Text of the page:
Tuesday, April 04, 2006

I Love The Smell Of Cowpats In The Morning

Rather randomly, on a recent Saturday, I took the opportunity to have a nose around at the open-day of one of Defra's veterinary laboratories. Initially, part of my motivation in attending was to see if I could find someone to mischievously take issue with over Defra’s forthcoming and grossly ill-judged badger cull, but I put this out of my mind long before my arrival, knowing it would be as futile as debating American foreign policy with your average rednecked GI. I arrive and can't help but feel a little out of place. Aside from all the white-coated vets and lab-types, most of the people milling about are members of the over-subsidised farming industry, eager to check that the department is staying in line. There are one or two horsey-type people too, who arrive in dazzling SUVs, which sit a little oddly next to the farmers' muddied Land Rovers.

I sit impatiently through a standard lecture on the likes of bovine spongiform encephalopathy, avian influenza and, a little bizarrely, the growth of Alpaca farming in the UK, but it eventually ends, and we get to don our protective clothing for the part of the open day the degenerate in me is most eager to see. We are led through a yard to the towering dissection laboratory, which we enter through some 20-foot-high doors. The reason for this lofty entrance is the crane inside the laboratory, which can reach outside into the yard to lift some of the heavier livestock carcasses – such as cows, or on occasion, should there be a mysterious death at the local zoo, giraffes – onto the dissection tables.
“It is extremely rare for us to get any animals which are still alive at this laboratory,” announces the gruff vet showing us round. The rather poorly disguised cattle execution cage outside, just within reach of the crane, undermines him somewhat.

For now, on the said tables, sit a number of partially dissected corpses, ranging from piglets and calves to barn owls and lambs. The gruff vet begins walking us through a half-finished dissection, that of a calf which ‘mysteriously’ died. Pneumonia is the gruff vet’s diagnosis – which he underlines by pressing down on the expired calf’s exposed respiratory system, which responds by oozing out a thick mayonnaise-like substance – which he attributes to a failure to wash the umbilical chord of the newly born calf with iodine: standard farming practice.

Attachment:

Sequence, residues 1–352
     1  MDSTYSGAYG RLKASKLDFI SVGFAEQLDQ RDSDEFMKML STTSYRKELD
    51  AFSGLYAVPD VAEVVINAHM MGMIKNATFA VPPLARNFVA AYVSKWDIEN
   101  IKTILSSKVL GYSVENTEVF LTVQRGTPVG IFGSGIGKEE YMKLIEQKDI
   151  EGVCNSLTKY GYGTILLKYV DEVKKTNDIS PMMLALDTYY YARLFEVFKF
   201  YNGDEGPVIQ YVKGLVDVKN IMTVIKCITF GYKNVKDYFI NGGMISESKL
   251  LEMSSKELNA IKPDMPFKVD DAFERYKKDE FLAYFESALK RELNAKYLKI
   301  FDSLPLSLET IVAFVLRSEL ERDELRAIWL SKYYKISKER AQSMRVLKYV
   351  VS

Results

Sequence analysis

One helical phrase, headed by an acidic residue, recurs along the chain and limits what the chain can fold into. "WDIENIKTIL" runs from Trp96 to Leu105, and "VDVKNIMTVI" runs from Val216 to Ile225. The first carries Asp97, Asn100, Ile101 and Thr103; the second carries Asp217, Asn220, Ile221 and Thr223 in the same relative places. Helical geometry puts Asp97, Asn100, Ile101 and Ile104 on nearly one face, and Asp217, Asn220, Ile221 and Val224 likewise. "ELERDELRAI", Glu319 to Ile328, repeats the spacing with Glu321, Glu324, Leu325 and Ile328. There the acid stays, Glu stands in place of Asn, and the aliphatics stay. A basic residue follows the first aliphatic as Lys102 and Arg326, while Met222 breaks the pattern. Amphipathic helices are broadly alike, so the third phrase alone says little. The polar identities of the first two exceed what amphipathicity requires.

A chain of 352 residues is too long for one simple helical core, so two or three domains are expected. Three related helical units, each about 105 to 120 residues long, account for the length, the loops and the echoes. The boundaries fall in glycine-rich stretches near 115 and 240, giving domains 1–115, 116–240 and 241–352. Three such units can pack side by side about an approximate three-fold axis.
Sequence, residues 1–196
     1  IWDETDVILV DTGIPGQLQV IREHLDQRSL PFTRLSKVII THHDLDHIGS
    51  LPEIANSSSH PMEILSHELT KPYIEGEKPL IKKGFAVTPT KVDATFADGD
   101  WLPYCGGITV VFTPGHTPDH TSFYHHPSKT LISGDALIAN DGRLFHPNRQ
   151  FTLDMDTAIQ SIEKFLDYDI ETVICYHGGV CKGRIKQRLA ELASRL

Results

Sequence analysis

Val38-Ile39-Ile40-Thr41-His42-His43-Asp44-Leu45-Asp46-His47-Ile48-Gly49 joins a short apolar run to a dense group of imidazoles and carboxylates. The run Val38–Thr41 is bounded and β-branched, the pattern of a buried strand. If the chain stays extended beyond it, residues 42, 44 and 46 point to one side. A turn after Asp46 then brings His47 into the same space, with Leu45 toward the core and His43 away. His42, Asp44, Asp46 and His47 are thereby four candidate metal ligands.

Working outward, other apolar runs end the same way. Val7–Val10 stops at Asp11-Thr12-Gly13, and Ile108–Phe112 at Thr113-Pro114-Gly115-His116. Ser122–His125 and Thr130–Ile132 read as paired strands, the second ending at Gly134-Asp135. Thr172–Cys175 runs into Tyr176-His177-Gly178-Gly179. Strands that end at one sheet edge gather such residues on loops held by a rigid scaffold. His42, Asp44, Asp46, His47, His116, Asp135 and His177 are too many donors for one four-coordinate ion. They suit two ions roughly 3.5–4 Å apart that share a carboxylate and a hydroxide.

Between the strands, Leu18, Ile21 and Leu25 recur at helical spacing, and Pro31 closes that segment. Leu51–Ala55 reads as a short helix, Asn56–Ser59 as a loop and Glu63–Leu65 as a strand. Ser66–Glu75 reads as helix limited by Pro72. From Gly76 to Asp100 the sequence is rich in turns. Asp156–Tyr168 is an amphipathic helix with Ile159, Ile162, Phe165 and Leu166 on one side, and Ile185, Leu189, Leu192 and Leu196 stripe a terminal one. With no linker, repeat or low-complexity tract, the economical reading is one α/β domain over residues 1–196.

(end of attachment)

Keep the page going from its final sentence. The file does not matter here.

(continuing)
“So,” he concludes, “like most of what I see here, this is merely a management problem born out of laziness or incompetence, rather than anything more significant.”
The gathered Farmers look shifty, and examine their blue-bagged feet.

After the gore, we are allowed to have a good look round the rest of the laboratory. Having examined some heavy duty saws, I notice a further colossal pair of doors at the back of the room. I go to investigate. Behind the doors, I find another large room – as big as the one I have just come from – but it is almost entirely taken up by a huge grey machine. It looks a bit like the evil-twin of Bertha.
“That’s the furnace,” says one of the laboratory staff who has followed me in. “We have a burning day every three weeks or so; get rid of everything that’s past through the other room.”
“It’s…. big!” I note.
“Cows are big,” she shrugs.
I notice yet another large door behind me, which makes up for the height it lacks in comparison with those that have preceded it with its quite apparent thickness and rather exciting steering wheel-like twist handle.
“And that’s where we refrigerate everything that’s waiting till next burning day,” she explains, noticing my interest. I nod meaningfully. “We tend not to open it for visitors. It’s a bit smelly in there.”
“Go on,” I urge, and, with a sneaky look round, she relents.
The door slowly swings open and, once my eyes adjust to the gloom, I can pick out the stacks of wrapped up swans, which the earlier talk mentioned were coming in in huge numbers lately due to a bird-flu vigilant population. I enquire why, if we are still bird-flu free, so many dead swans are being found.
“Oh,” she explains, “They don’t die more or less than any other fowl, but are a hell of a lot easier for your dog walker or fisherman to spot than your average dead mallard.”
“It doesn’t really smell,” I observe.
“It bloody does,” she laughs, “Stick your head in.”
I lean forward, and take a cautionary sniff.
“Close it! Close it!” I gag, as a wave of an execrable scent overwhelms me, and I battle to resist the urge to retch. A few people who have since followed us in and are poking around at the opposite side of the room housing the furnace, a good 20 feet away, turn round and wrinkle their noses with a “what in Christ's name is that smell?” look on their faces. Clearly, I have a head cold. Vindicated, the woman pushes the door shut.

I hurry round the rest of the tour of the various other less-and-less interesting labs, trying to put the smell out of my mind and unable to help the feeling they have got the best bit out of the way too soon.

6 comments:

Chris Cope said...

Good name for a band: the Death Freezers

Chris said...

A top post Huw, but now all I can think is 'How the fuck had I forgotten about Bertha?' Can you work a reference to Pigeon Street into your next one?

Huw said...

CC: Or indeed 'Chords of Iodine'

C: Will this do for now? (sound is sort of essential)

Curly said...

I prefer 'Cows are big' as a band name.

Loving the Pigeon Shoot, and collegues wonder why the batteries on my mouse run out weeks before theirs.

AnonymousCoworker said...

Around here we use our old cow carcasses for hamburger meat.

y-vonne said...

We have an "experimental farm" in Ottawa run by the feds but we certainly have not gotten to see biopsies. Ick.